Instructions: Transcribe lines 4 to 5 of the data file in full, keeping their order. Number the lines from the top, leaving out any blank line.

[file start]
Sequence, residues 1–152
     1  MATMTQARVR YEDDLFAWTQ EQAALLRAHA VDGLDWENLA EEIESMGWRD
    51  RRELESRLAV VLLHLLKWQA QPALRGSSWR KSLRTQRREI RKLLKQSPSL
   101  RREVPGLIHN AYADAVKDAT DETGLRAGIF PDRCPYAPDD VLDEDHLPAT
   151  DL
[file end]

   101  RREVPGLIHN AYADAVKDAT DETGLRAGIF PDRCPYAPDD VLDEDHLPAT
   151  DL